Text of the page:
For creatives, inspiration is often found in the most unlikely of places (like the shower) and at the worst of times (like when trying to fall asleep). But what if the commonality between all those cliche places is the fact that they are boring? I was reading a novel (my favorite boredom buster) when I found one such source of unlikely inspiration and an idea to unlock creativity.
The book, Harlan Coben’s Just One Look, features a main character who is a painter. This fictitious painter, Grace Lawson, said something that has sat with me, even months later:
“Loneliness, the precursor to boredom, is conducive to the creative process. That was what artistic meditation was all about — boring yourself to the point where inspiration must emerge if only to preserve your sanity. A writer friend once explained that the best cure for writer’s block was to read a phone book. Bore yourself enough and the Muse will be obligated to push through the most slog-filled of arteries.”
Harlan Coben, Just One Look
Could this be the reason that good ideas tend to come in the shower or while waiting for sleep to come? Is boredom the cure to a creative rut? Are the most creative photographers, in fact, just bored a lot?
It turns out, scientists have asked this same question. In one study published in the Creativity Research Journal in 2014, participants who were asked to read the phone book had more creative responses than the control group. Two years later, researchers from Penn State University found more convergent thinking from participants who were asked to watch a boring video. A similar study in 2019 found that participants who were tasked with separating beans by color generated more ideas than those who were asked to complete a more interesting craft.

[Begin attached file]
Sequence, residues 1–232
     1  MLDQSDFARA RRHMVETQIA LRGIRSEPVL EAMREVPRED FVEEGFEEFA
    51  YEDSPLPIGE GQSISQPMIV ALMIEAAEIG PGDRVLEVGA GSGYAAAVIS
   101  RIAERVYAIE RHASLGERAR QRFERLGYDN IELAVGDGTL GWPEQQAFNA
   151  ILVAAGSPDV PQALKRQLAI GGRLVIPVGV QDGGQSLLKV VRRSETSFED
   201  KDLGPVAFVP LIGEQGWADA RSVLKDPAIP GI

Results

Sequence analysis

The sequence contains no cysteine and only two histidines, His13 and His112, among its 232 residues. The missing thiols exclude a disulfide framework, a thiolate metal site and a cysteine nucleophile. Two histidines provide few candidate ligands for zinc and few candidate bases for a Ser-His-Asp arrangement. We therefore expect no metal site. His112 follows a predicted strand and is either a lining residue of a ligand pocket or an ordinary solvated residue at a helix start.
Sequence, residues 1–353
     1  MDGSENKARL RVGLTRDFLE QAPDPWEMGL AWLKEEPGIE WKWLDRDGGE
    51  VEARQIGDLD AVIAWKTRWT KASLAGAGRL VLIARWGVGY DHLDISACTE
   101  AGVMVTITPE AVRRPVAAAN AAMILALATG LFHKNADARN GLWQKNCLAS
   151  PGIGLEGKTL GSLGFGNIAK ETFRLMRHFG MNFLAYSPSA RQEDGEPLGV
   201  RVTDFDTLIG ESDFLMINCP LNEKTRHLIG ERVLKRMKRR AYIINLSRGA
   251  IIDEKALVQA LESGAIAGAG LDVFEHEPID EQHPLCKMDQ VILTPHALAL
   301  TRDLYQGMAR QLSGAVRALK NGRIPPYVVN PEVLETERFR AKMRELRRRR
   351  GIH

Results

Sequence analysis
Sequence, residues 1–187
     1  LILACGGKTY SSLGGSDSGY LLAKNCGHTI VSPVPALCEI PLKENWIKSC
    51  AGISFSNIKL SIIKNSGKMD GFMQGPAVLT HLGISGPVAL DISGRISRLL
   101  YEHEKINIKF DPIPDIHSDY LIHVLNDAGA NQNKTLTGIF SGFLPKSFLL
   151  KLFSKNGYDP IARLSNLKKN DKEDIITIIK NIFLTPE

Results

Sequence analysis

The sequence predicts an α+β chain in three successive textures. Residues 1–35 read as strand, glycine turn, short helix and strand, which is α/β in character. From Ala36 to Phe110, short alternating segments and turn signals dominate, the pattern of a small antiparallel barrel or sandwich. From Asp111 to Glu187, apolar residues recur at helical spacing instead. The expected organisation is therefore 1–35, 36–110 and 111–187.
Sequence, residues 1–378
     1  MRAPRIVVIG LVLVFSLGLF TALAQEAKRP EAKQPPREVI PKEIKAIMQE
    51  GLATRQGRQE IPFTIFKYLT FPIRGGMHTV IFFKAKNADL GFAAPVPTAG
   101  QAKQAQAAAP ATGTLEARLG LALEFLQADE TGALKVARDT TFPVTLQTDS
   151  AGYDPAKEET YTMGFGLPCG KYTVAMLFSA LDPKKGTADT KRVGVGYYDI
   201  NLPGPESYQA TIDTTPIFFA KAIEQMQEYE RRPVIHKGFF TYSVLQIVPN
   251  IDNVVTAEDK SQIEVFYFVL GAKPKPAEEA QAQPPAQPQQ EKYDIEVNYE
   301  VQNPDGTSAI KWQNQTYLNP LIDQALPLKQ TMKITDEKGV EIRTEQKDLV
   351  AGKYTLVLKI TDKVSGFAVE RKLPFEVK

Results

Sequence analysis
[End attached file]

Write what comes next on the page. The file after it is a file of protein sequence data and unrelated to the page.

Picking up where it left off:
Someone recently asked me how I don’t get bored when I go for a run. But, I think that’s actually why I like running. There is nothing for my mind to do but listen to the sounds of my feet on the pavement as I wander. I’m a mother, a writer, a photographer, and a business owner. My brain is constantly jumping from grocery store lists to soccer practice to portrait shoots to article deadlines. Running clears my mind to think about the unimportant things, to wander, to ask what if. And that’s where inspiration can spark. It’s on runs, in the shower, and on hikes where I’ve built up a store of ideas to try.
I have a tendency to grab my phone whenever I have a few free minutes — checking emails, finding inspiration on Pinterest or Instagram, or getting lost down a social media rabbit hole. And there’s nothing wrong with that. I certainly don’t want you to stop reading halfway through this article. But, balance is important. Filling downtime is fine, but filling 100 percent of downtime isn’t conducive to creativity.
I think it’s important as a creative to build time to do nothing. Or, at the very least, to do something that doesn’t require any brainpower, like going for a walk, going outside, taking a bath. Take a break, even just a small one.
Is boredom a fail-proof solution to creativity ruts? Well, if that were the case 2020 would have been the year for creativity. There are other factors at play too, such as stress and anxiety. But, I think creatives should be mindful of how much of their day is filled to the brim, and to spend at least a few minutes a day with nothing to do.